Earth Resistance

Earth Resistance surveys measure changes in soil moisture at the near-surface by passing a small electrical current through the sub-soil.  Earthsound collect our data through a range of different surveying arrays, depending on the terrain and requirements/constraints of the site. These include frame-mounted and cart-mounted techniques which vary in terms of the way in which they collect data and the pace at which surveys can be completed, but collect the same type of data and yield the same or similar results. This technique is particularly useful for the assessment of castles and ecclesiastical sites where structural remains are present as, unlike magnetometry for example, it will be able to detect stone/masonry elements such as foundations or wall footings. It is also used to detect ditched enclosure complexes, ponds and disturbed soils. This technique is an extremely useful means of prospecting for archaeology although it can be hindered by recent climatic events such as spells of inclement weather.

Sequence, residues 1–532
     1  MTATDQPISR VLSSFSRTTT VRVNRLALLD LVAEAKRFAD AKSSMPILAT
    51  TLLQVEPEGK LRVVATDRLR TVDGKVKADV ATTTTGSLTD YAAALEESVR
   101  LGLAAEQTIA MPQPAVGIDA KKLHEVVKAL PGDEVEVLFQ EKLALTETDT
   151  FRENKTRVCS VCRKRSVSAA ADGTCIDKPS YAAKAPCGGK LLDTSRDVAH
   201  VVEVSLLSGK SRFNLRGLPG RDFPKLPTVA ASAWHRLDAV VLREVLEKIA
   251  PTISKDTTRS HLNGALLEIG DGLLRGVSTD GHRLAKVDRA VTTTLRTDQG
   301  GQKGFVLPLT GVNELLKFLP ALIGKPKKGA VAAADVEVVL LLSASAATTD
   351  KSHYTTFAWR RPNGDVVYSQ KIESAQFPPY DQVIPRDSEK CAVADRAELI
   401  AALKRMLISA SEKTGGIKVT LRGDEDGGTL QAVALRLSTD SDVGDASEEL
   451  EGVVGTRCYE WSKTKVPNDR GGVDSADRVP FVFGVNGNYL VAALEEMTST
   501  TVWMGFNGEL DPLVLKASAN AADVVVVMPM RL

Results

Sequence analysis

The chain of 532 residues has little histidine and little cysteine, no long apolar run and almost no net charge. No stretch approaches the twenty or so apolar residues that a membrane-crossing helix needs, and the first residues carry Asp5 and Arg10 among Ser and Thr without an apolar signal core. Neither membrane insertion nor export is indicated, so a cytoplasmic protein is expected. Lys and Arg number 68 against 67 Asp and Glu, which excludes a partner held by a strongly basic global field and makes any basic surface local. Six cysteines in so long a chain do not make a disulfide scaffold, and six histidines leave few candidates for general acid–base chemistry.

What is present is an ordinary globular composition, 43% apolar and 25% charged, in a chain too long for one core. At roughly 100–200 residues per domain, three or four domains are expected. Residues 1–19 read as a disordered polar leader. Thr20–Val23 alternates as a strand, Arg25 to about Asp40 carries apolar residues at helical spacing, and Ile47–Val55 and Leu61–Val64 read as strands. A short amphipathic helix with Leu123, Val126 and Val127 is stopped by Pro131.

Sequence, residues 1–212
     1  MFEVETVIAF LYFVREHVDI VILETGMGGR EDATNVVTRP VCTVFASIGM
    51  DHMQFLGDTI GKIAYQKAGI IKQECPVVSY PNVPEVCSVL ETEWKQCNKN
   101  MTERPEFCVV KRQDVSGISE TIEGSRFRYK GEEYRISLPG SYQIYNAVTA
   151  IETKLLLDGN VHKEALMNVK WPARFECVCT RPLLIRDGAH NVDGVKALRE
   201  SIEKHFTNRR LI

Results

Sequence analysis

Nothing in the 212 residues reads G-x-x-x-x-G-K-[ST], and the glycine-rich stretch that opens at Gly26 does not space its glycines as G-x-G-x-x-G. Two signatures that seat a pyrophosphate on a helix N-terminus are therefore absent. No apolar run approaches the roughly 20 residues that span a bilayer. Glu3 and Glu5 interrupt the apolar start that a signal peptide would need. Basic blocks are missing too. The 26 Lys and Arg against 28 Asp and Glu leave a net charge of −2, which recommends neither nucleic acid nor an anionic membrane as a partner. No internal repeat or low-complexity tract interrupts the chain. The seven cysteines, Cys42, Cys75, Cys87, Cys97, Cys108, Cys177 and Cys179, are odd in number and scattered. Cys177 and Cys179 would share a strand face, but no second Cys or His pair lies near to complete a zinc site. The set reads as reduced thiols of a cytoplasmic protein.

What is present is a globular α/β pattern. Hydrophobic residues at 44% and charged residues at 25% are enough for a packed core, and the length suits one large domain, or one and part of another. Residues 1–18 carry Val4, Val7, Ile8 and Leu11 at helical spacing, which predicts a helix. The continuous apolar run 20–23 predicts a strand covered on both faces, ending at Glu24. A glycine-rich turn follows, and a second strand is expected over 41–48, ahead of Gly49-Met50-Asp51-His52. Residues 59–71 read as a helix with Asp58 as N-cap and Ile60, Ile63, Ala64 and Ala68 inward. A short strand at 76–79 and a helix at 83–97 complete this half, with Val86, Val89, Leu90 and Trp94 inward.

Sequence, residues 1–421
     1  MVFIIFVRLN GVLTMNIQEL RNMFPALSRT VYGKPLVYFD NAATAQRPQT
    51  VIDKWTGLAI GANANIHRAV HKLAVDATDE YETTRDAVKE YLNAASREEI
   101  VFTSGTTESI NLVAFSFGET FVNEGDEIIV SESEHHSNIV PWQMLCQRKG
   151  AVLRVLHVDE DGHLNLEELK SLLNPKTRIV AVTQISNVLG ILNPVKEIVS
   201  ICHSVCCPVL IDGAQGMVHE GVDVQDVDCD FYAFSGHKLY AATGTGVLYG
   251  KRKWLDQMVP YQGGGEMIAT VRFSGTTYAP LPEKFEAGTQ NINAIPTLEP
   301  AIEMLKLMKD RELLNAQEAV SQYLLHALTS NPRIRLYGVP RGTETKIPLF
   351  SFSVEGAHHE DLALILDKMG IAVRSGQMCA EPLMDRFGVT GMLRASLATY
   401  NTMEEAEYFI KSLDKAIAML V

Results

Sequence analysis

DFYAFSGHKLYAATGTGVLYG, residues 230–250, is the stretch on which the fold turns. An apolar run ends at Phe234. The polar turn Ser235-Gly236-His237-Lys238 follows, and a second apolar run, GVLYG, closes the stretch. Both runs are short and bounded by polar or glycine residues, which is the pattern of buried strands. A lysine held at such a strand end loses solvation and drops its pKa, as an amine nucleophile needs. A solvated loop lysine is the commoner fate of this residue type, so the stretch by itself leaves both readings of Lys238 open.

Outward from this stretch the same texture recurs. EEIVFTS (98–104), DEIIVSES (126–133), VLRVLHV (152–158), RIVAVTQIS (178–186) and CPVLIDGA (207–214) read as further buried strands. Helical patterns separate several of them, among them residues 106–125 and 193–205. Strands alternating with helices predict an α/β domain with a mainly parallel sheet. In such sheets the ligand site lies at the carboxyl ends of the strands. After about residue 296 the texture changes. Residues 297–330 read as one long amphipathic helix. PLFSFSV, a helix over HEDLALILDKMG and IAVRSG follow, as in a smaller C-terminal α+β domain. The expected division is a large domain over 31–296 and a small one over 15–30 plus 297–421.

An earth resistance survey being carried out with the hand-held RM15 array


Surveying with the MSP40 cart-based system (the ‘Jalopy’)


Example of Earth Resistance Data from Drumholm, Co. Donegal

Interpretation drawing from earth resistance survey results.















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